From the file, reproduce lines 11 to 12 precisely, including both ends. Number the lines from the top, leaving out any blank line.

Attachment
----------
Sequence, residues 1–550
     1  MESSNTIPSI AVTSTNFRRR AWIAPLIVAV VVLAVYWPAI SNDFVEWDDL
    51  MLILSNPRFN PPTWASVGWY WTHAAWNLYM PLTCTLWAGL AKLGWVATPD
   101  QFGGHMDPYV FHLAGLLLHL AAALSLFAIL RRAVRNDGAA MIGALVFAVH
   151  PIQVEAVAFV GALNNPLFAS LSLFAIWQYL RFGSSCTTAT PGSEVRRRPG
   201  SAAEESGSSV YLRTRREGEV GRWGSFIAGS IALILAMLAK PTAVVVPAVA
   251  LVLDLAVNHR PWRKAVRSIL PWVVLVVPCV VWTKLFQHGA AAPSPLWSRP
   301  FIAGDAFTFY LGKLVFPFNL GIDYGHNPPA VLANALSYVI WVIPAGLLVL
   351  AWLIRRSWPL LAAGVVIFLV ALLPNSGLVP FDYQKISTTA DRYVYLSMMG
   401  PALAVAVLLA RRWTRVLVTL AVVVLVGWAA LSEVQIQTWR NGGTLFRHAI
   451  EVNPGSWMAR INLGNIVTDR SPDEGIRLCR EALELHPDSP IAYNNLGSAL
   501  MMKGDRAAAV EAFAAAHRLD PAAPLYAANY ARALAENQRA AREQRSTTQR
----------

   451  EVNPGSWMAR INLGNIVTDR SPDEGIRLCR EALELHPDSP IAYNNLGSAL
   501  MMKGDRAAAV EAFAAAHRLD PAAPLYAANY ARALAENQRA AREQRSTTQR